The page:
31 Days of Horror: 5 Ageless Horrors That'll Never Get Old – FandomWire

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A lot can be said about the horror genre, from it being a low-budget affair with some truly terrible films to it including some of the best examples of cinema the world has to offer. Horror certainly isn’t for everyone, after all, some people don’t like being scared, or don’t enjoy the sight of blood, even on television. But for those that love horror, here are five ageless horrors that’ll never get old…
Director Alfred Hitchcock is a master of cinema and is considered one of the best at creating a sense of dread and tension in otherwise simple scenes. Psycho is a masterclass in many things, but dread and tension are two of the main facets of this film that’ll stick out to you on every watch.
Opening the film following a young woman who’s stolen a lot of money and is now on the run, the audience is tricked into thinking she’s the main protagonist, before pulling the rug from beneath our feet with that shower scene, which some sixty-plus years later, is still referenced and parodied in many of today’s horrors.
Many horror films will throw in a small twist or otherwise eerie scene right before the credits roll, and Hitchcock’s version of this in Psycho will chill you to the bone. As the film comes to a close, the film centers on Norman Bates, before he looks directly at the camera and as an extension us, the audience, slipping into his mother’s persona with a terrifying smirk creeping across his face.
A mother believes her daughter has been possessed and asks her local priest for help, who in turn brings in an exorcist. What follows is a rollercoaster of scares, body horror, levitation, and an impressive amount of vomit.
The ageless horror will be getting a rebooted sequel next year, helmed by the same creative behind the recent Halloween trilogy, and even bringing back some of the original cast. Whether it can capture the same magic the first had is another matter, as it isn’t particularly easy as proven by the sub-standard sequels that followed the original.
Related: 31 Days of Horror: 5 of the Most Disappointing Horror Sequels
An ageless horror sparking a franchise that just came to an ‘end’ this year with Halloween Ends, the original Halloween is a completely different beast to what we’ve been treated to in recent times. The more recent films are more stylistic, gory, and action-filled, whilst the original could be described as a slow burner that makes us wait for the payoff. Don’t get me wrong, the original is a classic, hence its inclusion here, and arguably far better than the majority of the future entries into the franchise, but it is a different type of horror compared to what we have now.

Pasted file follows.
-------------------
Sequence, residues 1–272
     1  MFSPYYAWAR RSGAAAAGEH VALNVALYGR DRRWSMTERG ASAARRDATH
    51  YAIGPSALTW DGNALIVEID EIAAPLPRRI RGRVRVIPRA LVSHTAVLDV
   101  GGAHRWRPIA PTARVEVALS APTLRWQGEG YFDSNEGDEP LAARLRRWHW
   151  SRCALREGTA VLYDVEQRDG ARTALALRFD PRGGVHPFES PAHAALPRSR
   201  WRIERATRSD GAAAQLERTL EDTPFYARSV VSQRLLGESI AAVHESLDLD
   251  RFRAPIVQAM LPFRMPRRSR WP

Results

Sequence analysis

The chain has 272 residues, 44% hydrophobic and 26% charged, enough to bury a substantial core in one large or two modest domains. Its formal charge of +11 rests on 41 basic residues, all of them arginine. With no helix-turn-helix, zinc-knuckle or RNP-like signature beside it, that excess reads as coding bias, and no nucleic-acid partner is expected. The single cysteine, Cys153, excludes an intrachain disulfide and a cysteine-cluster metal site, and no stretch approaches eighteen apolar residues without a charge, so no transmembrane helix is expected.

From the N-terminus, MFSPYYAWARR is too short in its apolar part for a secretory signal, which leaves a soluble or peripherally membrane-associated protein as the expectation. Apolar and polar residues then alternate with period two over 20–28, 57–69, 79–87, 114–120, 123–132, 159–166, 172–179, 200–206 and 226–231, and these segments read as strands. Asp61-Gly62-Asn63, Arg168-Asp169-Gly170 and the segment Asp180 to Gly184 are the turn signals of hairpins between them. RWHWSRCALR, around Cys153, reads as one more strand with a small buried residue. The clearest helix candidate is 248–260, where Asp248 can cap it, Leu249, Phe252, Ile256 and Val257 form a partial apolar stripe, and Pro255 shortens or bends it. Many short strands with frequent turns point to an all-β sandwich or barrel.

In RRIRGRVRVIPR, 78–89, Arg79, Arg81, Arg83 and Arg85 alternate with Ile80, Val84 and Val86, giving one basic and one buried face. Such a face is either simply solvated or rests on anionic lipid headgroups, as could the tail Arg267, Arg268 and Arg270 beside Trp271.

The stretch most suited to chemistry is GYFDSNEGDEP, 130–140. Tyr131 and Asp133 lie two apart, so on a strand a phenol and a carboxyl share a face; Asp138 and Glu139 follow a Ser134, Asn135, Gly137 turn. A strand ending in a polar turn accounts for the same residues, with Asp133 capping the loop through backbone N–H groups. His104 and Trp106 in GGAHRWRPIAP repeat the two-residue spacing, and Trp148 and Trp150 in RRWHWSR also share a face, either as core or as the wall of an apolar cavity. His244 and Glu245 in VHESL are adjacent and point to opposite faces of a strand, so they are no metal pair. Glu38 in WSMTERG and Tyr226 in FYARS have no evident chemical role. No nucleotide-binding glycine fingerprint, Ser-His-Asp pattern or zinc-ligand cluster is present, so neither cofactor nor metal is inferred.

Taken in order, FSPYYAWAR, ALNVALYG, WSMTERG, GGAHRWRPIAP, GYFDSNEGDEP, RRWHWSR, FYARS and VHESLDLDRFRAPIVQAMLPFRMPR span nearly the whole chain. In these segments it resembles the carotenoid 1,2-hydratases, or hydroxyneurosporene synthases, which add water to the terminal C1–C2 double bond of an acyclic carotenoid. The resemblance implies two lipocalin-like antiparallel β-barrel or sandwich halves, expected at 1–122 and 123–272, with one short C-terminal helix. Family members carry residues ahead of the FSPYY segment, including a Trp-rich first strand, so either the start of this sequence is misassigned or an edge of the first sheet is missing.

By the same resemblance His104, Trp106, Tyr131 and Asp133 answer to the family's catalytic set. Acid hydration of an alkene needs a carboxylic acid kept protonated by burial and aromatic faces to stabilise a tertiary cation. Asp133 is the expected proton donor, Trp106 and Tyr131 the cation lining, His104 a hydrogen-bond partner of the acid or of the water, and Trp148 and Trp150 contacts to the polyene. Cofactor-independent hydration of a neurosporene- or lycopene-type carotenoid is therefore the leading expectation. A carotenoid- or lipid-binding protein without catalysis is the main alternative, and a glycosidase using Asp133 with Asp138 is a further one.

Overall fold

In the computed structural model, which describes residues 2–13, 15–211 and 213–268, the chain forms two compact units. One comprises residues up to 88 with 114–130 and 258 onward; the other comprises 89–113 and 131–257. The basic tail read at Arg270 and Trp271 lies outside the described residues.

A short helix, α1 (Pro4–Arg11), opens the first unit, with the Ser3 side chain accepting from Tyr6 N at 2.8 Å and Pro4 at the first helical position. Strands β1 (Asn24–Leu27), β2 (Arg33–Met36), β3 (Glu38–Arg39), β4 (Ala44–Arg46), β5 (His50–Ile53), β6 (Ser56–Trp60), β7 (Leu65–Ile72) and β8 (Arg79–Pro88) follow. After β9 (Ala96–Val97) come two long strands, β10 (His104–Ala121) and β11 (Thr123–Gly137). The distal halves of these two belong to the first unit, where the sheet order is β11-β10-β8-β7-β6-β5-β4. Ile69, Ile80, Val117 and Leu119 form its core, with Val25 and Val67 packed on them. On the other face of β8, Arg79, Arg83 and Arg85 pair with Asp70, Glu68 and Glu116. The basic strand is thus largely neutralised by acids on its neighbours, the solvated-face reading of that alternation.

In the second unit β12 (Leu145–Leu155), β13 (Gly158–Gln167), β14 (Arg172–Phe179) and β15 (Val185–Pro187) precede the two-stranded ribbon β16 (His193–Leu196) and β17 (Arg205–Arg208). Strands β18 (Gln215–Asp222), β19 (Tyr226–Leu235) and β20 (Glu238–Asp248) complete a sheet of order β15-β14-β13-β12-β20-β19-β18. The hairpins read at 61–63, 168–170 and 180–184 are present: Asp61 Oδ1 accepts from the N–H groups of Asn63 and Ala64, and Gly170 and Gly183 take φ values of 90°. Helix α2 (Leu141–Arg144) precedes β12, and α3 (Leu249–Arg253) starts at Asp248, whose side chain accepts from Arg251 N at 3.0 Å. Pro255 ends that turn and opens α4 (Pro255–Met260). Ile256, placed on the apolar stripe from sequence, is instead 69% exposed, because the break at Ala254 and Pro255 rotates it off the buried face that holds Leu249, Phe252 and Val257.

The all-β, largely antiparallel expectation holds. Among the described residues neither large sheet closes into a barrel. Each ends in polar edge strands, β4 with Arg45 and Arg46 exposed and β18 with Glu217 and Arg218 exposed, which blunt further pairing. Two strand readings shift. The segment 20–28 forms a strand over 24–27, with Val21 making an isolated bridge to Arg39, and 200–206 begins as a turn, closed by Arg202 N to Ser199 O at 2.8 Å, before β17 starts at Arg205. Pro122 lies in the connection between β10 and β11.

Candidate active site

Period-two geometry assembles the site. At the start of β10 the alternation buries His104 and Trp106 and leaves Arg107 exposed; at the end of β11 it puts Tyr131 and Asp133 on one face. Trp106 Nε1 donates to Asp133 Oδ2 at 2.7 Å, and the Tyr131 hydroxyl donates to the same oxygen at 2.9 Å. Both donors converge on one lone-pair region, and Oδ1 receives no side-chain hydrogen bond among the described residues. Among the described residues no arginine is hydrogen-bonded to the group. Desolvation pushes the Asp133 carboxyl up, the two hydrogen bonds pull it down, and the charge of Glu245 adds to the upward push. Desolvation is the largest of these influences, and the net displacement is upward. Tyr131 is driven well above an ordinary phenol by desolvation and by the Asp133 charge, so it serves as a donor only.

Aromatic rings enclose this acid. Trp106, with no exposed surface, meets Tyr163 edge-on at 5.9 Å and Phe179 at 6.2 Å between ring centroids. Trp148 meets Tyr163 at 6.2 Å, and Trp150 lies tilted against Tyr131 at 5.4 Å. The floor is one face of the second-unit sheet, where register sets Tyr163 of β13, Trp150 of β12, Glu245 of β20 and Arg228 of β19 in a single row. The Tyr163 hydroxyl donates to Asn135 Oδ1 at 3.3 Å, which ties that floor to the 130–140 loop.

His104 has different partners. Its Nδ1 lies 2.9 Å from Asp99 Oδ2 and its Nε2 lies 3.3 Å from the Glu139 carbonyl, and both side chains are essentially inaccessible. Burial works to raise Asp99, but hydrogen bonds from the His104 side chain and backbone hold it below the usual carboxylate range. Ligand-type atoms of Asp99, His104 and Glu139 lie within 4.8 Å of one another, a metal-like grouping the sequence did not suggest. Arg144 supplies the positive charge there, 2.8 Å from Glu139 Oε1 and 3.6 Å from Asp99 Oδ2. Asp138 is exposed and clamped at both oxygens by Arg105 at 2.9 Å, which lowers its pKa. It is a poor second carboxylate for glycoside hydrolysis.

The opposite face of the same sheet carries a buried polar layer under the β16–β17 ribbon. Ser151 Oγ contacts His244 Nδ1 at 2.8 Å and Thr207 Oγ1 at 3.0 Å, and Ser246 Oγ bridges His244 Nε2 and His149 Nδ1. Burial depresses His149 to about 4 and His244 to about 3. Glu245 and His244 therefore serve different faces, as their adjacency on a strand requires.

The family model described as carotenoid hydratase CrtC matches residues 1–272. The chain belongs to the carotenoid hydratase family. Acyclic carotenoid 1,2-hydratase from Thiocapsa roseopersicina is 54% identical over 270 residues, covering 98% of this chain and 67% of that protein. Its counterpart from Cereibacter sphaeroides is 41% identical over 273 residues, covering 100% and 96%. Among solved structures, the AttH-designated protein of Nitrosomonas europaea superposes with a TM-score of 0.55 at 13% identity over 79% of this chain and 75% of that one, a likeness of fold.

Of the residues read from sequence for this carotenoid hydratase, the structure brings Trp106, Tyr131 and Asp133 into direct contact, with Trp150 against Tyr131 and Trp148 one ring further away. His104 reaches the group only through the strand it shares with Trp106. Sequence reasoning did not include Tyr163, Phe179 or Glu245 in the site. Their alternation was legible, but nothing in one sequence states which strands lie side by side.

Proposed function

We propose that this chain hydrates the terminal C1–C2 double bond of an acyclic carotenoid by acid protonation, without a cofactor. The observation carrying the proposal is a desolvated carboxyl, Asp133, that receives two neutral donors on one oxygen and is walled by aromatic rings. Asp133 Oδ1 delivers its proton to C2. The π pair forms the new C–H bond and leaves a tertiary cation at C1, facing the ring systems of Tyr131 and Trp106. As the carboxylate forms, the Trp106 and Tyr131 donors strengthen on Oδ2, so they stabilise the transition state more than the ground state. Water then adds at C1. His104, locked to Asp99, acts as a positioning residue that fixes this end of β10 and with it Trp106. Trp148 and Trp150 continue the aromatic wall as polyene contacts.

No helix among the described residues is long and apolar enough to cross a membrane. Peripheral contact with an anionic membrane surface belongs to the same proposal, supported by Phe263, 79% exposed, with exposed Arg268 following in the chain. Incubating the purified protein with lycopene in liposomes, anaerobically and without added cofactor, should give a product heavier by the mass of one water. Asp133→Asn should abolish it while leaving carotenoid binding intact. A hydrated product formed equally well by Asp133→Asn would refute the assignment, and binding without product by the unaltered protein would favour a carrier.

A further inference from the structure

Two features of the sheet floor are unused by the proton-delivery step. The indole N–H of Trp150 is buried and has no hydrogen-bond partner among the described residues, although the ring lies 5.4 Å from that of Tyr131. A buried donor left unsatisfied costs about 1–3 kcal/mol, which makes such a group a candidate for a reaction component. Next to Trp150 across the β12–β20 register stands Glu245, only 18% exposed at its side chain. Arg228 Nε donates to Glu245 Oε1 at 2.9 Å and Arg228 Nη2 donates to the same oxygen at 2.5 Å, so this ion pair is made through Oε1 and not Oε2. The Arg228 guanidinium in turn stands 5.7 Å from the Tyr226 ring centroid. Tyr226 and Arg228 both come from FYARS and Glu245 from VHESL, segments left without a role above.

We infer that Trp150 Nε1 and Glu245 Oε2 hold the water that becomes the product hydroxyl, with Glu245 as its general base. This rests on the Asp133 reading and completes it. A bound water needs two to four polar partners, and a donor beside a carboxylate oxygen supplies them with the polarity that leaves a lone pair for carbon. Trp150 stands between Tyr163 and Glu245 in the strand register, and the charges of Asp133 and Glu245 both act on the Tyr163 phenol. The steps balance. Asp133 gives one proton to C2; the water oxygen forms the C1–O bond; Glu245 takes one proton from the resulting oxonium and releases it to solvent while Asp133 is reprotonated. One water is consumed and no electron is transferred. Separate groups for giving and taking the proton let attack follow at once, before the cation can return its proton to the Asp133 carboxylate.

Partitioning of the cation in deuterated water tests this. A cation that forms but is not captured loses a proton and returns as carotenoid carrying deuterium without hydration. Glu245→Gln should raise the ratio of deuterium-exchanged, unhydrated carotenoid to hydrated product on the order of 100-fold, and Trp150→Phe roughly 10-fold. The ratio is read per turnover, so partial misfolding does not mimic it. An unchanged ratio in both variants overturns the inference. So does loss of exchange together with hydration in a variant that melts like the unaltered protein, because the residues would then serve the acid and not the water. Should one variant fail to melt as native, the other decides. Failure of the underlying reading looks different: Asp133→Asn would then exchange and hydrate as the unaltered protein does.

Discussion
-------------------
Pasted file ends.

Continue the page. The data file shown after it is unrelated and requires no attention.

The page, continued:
Even so, it is fantastic. The sense of inevitability and foreboding as we see Michael stalking Laurie, cutting through the innocent people between her and him in an attempt to get what he wants… her. This is a revenge fantasy that stretches over multiple films, and with each attempt at getting her brings another more convoluted way Michael survives. The original keeps it simple in that regard. Walk. Kill people. Hunt Laurie. Attack Laurie. Die. If you ignore the rest of the films, it’s a fantastic sole-standing horror.
Famously the chest-bursting scene during the film where John Hurt’s character dies, unleashing a fresh hell of alien life on the unsuspecting crew of the space ship was kept a secret from the rest of the cast, so the reactions you see on screen are genuine, as they weren’t expecting it.
This is a microcosm of what Alien was and to this day still is, with the whole film going from one unexpected story beat to the next. The film was so bad upon release that people vomited and left the cinema early, unable to deal with the scares in front of them. Whilst that may seem odd nowadays, we’re all spoiled with trailers, spoilers, and more about the latest films, and even as a child I knew about Alien and the chest-bursting before I’d seen it. The film is fantastic in every sense, from the way it looks and sounds, to the design of the Xenomorph and more.
Related: 31 Days of Horror: 5 Horrible Horror Reboots We Didn’t Ask For
Stanley Kubrick is a filmmaker of his time that perhaps wouldn’t have fared so well today, with famously problematic methods for drawing the best performances from his actors. That said, there’s no taking away from the fantastic experience that watching The Shining is.
Another ageless horror that is still talked about to this day, and constantly parodied all-over-the place in a multitude of different mediums, the film follows Jack Nicholson as he takes his family to an isolated hotel with an incredibly violent past. Weird goings on occur of course, and between hallucinations, things moving and more, the patriarch of the family begins to lose his mind, eventually going after the ones he loves the most.
Unlike many of the horror films produced and released today, it’s fair to say many of these listed here will still be talked about for decades to come, making them some of the best ageless horrors that’ll never get old.
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